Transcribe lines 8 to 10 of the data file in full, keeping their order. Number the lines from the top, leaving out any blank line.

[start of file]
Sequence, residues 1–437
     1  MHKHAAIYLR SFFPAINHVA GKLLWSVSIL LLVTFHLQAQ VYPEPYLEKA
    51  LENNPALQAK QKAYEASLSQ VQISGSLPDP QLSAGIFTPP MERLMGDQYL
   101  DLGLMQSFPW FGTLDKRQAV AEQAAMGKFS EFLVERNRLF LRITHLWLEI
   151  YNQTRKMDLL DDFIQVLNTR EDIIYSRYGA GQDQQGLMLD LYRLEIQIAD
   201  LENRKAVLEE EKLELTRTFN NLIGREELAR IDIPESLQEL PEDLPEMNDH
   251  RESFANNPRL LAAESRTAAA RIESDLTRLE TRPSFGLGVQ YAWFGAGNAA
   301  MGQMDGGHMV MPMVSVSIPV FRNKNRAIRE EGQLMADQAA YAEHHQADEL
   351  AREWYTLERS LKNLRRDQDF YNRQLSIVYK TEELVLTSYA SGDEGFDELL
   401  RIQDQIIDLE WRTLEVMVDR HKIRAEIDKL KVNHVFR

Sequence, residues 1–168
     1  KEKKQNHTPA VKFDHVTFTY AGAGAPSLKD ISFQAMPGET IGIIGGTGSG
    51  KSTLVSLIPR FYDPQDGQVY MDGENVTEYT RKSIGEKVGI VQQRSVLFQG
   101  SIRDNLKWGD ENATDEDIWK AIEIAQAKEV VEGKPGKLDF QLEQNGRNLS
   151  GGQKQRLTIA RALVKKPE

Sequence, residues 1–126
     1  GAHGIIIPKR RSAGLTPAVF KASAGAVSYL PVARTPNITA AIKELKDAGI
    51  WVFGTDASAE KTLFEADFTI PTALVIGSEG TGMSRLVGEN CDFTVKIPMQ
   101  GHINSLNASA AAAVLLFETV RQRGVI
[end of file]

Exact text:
   301  MGQMDGGHMV MPMVSVSIPV FRNKNRAIRE EGQLMADQAA YAEHHQADEL
   351  AREWYTLERS LKNLRRDQDF YNRQLSIVYK TEELVLTSYA SGDEGFDELL
   401  RIQDQIIDLE WRTLEVMVDR HKIRAEIDKL KVNHVFR